20150716_074421_resizedFrom peak to peak, it is less than half-a-mile, as the crow flies.  Jon cautiously led us down 234 feet, through and then up this dangerous labyrinth. The traverse is on the west side and shaded. This means there are a lot of ice and snow patches, even in the summer. We had to be extra careful not to slip.

IMG_20150719_175209We, newbie ‘Traversers,’ wore climbing helmets, long pants and jackets.  It was cold at these heights (40-50 °F) and the extra protection was needed. If it wasn’t falling rock or banging your head on a massive boulder, because you forgot to look up when climbing…I did this twice…the clothes and helmet minimized inadvertent bumps, scrapes and bruises.

I also wore Ironclad general utility gloves. My hands get cold easily and I wanted extra traction. The gloves have reinforced fingertips, palms and knuckle protection. On these rocks, I was able to grab onto tiny divots and wedge my hands into cracks. The gloves are also ideal for ripping up carpet, tack strips and nails… the original reason why I purchased them last year.

It took every bit of concentration, strength and energy I had to leverage and pull my body up the traverse. I didn’t look down.  I didn’t dwell on being scared or falling. I focused on the next move.

I used to go rock climbing years ago.  Why I stopped, I don’t know? But, this traverse made me realize how much I loved doing it.  It is like solving a very physical puzzle. I made a mental note to join the local climbing gym when I got back to Nashville…and to add pull-ups to my workouts.

North Maroon Peak Summit (14,014 ft.) MBTGp

After 1:45 hours of navigating, what seemed like an endless number of deadly pitches, we popped up on the upper-north ridgeline.  A few minutes later, just before noon, we reached the summit.

Exhausted. Excited. Tired. In pain for some of us, we cheered and high fived each other. We had survived and summited our 2nd 14’er that day.

Jon, in ‘guide’ mode, ever gently said we could only rest for 15-20 minutes.

I wanted to stay longer, relax and enjoy the view. I worked hard to get here!

But in the end, I knew the risks. Afternoon thunderstorms are typical in Colorado and any smart climber knows to be up and off a summit by noon. While it was sunny, the wind was picking up and darker clouds were building in the west.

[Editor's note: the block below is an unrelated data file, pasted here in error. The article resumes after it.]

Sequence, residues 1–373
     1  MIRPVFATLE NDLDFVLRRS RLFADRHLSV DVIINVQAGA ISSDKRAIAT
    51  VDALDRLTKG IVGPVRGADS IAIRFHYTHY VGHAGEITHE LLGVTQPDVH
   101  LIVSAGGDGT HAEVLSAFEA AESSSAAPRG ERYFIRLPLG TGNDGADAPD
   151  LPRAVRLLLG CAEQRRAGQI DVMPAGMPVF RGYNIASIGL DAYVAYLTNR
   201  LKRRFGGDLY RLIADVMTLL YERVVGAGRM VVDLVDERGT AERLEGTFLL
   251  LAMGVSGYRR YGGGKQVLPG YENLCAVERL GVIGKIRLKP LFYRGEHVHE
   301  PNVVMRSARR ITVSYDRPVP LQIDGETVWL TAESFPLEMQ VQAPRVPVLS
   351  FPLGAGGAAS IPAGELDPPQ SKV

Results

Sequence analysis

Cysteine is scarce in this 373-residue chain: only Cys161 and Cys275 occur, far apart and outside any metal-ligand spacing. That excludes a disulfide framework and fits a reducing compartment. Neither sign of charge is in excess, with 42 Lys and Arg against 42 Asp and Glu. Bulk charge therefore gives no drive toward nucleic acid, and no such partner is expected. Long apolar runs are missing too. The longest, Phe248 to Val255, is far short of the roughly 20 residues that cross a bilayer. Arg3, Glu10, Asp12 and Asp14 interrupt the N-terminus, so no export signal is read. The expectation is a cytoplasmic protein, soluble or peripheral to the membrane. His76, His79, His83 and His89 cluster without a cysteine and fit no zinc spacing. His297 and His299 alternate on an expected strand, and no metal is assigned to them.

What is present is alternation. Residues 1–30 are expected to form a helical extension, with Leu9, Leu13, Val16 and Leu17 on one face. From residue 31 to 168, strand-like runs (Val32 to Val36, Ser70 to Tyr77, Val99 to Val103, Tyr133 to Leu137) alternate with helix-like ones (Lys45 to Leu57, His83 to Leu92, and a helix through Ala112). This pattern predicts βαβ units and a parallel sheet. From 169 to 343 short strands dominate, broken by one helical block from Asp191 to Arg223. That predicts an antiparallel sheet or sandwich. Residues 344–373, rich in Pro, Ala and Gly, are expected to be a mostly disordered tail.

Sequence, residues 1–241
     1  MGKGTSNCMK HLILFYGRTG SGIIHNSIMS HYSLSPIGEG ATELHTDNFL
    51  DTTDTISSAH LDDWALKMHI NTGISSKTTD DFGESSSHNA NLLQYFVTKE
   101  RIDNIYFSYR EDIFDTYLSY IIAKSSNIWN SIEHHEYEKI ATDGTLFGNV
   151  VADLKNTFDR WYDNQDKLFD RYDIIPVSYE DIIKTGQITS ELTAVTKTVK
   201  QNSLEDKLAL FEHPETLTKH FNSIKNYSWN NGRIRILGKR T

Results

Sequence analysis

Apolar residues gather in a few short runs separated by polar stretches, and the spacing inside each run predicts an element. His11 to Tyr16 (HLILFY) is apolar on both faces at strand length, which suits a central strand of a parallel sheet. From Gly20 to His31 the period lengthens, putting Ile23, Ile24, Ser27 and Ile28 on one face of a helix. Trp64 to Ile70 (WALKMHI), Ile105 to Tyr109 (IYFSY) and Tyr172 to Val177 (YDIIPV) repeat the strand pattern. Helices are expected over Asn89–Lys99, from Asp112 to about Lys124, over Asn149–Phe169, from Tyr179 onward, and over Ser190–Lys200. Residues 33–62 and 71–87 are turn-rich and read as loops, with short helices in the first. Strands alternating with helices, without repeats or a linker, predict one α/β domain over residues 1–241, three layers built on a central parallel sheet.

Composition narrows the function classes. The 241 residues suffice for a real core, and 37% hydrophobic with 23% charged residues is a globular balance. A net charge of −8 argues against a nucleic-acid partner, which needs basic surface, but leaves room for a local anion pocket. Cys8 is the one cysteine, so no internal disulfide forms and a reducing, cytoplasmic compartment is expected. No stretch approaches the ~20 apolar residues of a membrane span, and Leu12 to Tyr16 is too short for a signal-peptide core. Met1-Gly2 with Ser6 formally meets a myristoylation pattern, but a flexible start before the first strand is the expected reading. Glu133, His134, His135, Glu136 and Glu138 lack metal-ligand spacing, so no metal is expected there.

Lisa pulled out another blank canvas and got to work.  The rest of us took pictures, ate, hydrated and signed the summit log, kept in a plastic cylinder, anchored to the rock.

By 12:20pm, Lisa’s newest, mountain masterpiece, her 24th, was drying.  She painted Maroon Peak, the view to our south.

Jon and I agreed to start down climbing just as a sprinkling of hail arrived.  We would search for the safest route and Chase, Alisa and Lisa would follow five minutes later.

The Descent MBTDown

It was steep, rocky and long. The first part involved lots of crab walking, scooting on our butts and some class 3 climbing.  Gradually, the descent turned into an ankle twisting, bone jarring, sharp-turning stretch of switchbacks. I told Jon he needed to learn to paraglide so the next time we could tandem-jump off the summit.  Sure, I could learn, but I’m a terrible driver. Nobody wants me in charge of flying.

Halfway down, we hopped our way across a boulder field, a quarter-mile wide. It led to a meadow with a stream. Refilling our water bottles, we kept moving.

A smaller boulder field followed. It led to a dirt trail, which took us into the forest. We started to see day hikers. The trail kept on going.  Finally, at 3:45pm, we reached the lake and the end of our adventure.  The Maroon Bells Traverse had taken us 12:30 minutes.

Post Thoughts 20150716_155732

I ran the Badwater Cape Fear 51.4-mile ultra-marathon a few months ago.  The group asked me which was harder, ‘The Bells’ or ‘The Ultra?” Without a doubt, The Maroon Bells Traverse was harder.

The night after the traverse, I slept 12 hours straight.  I was dead tired. The next day, my whole body was sore…in a good way. No complaints.

I truly loved the experience and feel a sense of accomplishment for completing it.

I also know that I was lucky to have climbed the Maroon Bells Traverse with someone as experienced as Jon.

Would I do it again?

Probably not.

Why?

There are too many other mountains to climb!

For the Record

** I wore Wigwam King Tube Socks on this adventure.  I could have worn any number of Wigwam socks (Trail Trax Pro, Rebel Fusion, etc…) and they would have worked well. I just really like tube socks! Plus, they protected my ankles from getting nicked by rocks and they kept my calves warm.

NOTE: This article/blog was written by Payge McMahon and orignally posted by Wigwam Mills here.